It seems to me that there have been two primary types of reactions to this week's school shooting in Newtown as people struggle to make sense of this awful event. The first is a secular reaction: many people look to make sense of it in terms of certain social, cultural, or psychological problems. The cause of the massacre is our access to and infatuation with guns. Or perhaps it was a case of a mental illness inappropriately diagnosed and dealt with. This sort of explanation of the event turns us to re-examine our failures as a society and leads us to political debates about how to restructure society or certain policies in order to eliminate or reduce the chance of this happening again.
The second sort of reaction is a religious reaction. I have seen just as many people speaking about this event as an instance of pure evil, as evidence of our fallen condition, and of the original sin that will always plague humanity. The cause of the massacre is explained as a consequence of human nature. This sort of explanation asks us to turn to the spiritual as a way of dealing with the recurrent evil in the world. On this take, the massacre is not framed as a problem to be solved, but as a reminder of evil as an ongoing condition of life that must be dealt with through spiritual or religious practice: faith, prayer, love, hope.
I'm not sure that we have to decide between these two approaches, but it does seem to me like we often do decide -- and judge those who take the different approach as having decided poorly. To a secular mind, painting this act as an instance of pure evil takes it out of the hands of human action and control and therefore denies the responsibility that we have to prevent future acts. This looks like a failure of will and self-determination. And responding through prayer and placing trust in a higher power seems to the secular mind to simply be neglecting the hard work of real and lasting social reform.
To the religious mind, taking such an event as an instance of poor social policies or social structures seems cold and politically motivated. To be struck by the event as an act of pure evil is to see the hollowness of human action in relation to such things. This almost metaphysical realization of the inadequacy of action in the face of evil leads the religiously minded to see policy debates surrounding the event as offensive in their superficiality. They seem trivial in relation to the deep loss that occurs and the horrible insights that we perceive about our nature and place in the universe.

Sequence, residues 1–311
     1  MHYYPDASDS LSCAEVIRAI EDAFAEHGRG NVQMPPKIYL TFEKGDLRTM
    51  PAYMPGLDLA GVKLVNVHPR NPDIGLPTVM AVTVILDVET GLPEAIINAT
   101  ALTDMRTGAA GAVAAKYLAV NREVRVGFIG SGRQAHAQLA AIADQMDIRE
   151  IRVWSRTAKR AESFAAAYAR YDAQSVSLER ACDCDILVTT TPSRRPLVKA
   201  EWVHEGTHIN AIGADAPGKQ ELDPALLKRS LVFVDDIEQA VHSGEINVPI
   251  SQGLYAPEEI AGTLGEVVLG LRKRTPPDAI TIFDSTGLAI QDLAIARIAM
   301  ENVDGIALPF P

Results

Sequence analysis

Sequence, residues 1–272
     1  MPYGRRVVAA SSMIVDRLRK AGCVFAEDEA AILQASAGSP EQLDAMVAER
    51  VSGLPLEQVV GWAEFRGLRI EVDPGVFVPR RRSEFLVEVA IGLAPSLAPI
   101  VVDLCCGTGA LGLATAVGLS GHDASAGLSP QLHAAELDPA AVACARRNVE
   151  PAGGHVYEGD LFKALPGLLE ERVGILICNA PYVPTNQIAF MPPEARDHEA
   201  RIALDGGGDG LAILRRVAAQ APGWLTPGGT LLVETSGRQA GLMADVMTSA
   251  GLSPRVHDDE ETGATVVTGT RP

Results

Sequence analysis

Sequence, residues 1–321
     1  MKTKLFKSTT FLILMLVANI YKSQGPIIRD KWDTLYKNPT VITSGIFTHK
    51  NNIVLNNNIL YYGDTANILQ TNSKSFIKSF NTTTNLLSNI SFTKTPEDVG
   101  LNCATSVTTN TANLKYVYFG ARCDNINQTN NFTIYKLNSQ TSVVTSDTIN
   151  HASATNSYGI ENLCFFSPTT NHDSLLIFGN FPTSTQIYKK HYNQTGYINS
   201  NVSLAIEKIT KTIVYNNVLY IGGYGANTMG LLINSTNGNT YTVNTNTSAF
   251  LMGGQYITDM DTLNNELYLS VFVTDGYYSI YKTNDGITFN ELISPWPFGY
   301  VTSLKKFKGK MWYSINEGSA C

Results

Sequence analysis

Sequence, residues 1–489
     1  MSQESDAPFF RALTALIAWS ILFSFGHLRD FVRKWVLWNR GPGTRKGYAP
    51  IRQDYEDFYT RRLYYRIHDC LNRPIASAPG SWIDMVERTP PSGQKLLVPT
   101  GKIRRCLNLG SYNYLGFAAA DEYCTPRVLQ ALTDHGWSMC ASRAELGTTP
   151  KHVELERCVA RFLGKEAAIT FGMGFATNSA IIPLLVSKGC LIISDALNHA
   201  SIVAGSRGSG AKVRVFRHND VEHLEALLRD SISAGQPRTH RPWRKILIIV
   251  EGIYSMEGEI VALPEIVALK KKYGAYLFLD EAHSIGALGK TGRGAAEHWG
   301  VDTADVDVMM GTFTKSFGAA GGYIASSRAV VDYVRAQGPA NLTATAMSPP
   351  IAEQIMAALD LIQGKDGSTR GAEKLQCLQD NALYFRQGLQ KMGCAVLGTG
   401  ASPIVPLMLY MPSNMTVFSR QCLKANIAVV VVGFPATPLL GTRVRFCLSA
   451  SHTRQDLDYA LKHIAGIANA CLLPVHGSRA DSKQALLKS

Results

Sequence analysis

My own mind oscillates feebly through these two different modes of "making sense." At moments I want to be angry with the people who make, distribute, buy, and play with the weapons that were used to shed the blood of 6 year olds. I want this industry shut down, and my anger makes me want to judge the people who are involved in this industry and who defend it on the basis of abstract constitutional arguments as complicit in this tragedy. At other moments, I realize that this reaction is based in resentment and revenge and tired political divisions rather than love and hope, that such reactions are a way for me to avoid the understanding that such events do not have explanations, that awful events can't be boiled down to the trite debates of the hour.
I would like to make a recommendation here, as if I have an answer. But I am afraid that the only--and maybe even best--answers that those of us witnessing these horrors from a distance will find are distraction and forgetting.
If between now and when we forget about the Newtown tragedy, we have gained little in bitterness and more in trust, care, and concern, is that enough? Probably not. But it would be something.